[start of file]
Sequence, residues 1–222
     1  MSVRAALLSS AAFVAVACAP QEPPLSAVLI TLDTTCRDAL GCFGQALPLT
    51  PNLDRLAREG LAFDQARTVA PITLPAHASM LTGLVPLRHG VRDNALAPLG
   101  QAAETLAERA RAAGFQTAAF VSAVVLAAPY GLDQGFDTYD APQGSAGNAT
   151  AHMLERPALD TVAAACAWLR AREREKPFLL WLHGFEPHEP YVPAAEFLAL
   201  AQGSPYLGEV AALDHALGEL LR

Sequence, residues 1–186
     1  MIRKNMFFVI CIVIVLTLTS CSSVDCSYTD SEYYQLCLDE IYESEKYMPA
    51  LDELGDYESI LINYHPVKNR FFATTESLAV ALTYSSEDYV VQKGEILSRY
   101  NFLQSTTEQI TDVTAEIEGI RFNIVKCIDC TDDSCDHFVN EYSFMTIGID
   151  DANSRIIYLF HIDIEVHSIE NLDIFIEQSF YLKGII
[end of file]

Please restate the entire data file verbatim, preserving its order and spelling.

Sequence, residues 1–222
     1  MSVRAALLSS AAFVAVACAP QEPPLSAVLI TLDTTCRDAL GCFGQALPLT
    51  PNLDRLAREG LAFDQARTVA PITLPAHASM LTGLVPLRHG VRDNALAPLG
   101  QAAETLAERA RAAGFQTAAF VSAVVLAAPY GLDQGFDTYD APQGSAGNAT
   151  AHMLERPALD TVAAACAWLR AREREKPFLL WLHGFEPHEP YVPAAEFLAL
   201  AQGSPYLGEV AALDHALGEL LR

Sequence, residues 1–186
     1  MIRKNMFFVI CIVIVLTLTS CSSVDCSYTD SEYYQLCLDE IYESEKYMPA
    51  LDELGDYESI LINYHPVKNR FFATTESLAV ALTYSSEDYV VQKGEILSRY
   101  NFLQSTTEQI TDVTAEIEGI RFNIVKCIDC TDDSCDHFVN EYSFMTIGID
   151  DANSRIIYLF HIDIEVHSIE NLDIFIEQSF YLKGII